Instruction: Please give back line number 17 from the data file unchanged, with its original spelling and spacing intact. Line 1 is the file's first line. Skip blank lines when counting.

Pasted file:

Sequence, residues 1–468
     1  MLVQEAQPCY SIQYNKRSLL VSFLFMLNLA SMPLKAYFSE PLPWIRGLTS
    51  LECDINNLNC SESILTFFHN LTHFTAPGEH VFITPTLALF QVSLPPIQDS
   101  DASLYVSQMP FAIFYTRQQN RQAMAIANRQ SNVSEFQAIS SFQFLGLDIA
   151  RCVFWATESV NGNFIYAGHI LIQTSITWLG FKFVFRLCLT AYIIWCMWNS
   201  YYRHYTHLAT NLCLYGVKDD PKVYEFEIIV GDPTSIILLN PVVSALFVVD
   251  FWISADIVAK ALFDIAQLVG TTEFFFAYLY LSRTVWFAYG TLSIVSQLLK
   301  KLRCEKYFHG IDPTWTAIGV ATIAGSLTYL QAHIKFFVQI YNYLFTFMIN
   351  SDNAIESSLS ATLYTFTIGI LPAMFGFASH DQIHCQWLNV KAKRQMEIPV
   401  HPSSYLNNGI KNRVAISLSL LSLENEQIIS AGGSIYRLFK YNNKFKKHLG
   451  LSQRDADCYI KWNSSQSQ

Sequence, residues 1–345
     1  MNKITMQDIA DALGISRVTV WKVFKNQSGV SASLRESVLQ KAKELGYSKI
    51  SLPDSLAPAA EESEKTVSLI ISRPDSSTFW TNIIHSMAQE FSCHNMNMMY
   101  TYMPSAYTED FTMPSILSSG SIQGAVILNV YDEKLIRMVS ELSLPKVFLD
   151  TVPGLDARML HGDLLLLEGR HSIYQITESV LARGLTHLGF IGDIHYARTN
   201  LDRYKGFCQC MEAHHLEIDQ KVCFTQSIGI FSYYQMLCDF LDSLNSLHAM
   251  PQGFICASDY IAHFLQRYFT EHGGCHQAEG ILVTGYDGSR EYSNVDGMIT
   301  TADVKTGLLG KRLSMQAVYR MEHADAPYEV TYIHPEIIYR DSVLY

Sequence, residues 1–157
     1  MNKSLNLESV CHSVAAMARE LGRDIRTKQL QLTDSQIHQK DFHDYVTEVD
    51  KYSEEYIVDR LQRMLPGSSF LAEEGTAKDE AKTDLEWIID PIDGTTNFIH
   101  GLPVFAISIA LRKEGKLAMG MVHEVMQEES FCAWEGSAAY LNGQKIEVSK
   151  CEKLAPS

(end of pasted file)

   201  LDRYKGFCQC MEAHHLEIDQ KVCFTQSIGI FSYYQMLCDF LDSLNSLHAM